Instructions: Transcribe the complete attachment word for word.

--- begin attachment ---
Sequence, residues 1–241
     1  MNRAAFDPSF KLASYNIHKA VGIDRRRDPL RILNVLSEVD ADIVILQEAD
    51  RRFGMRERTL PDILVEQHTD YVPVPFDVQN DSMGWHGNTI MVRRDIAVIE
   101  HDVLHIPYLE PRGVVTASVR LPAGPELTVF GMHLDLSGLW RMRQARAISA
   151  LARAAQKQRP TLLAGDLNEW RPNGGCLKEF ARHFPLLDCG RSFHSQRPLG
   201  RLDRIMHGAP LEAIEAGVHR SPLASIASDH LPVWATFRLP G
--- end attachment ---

Sequence, residues 1–241
     1  MNRAAFDPSF KLASYNIHKA VGIDRRRDPL RILNVLSEVD ADIVILQEAD
    51  RRFGMRERTL PDILVEQHTD YVPVPFDVQN DSMGWHGNTI MVRRDIAVIE
   101  HDVLHIPYLE PRGVVTASVR LPAGPELTVF GMHLDLSGLW RMRQARAISA
   151  LARAAQKQRP TLLAGDLNEW RPNGGCLKEF ARHFPLLDCG RSFHSQRPLG
   201  RLDRIMHGAP LEAIEAGVHR SPLASIASDH LPVWATFRLP G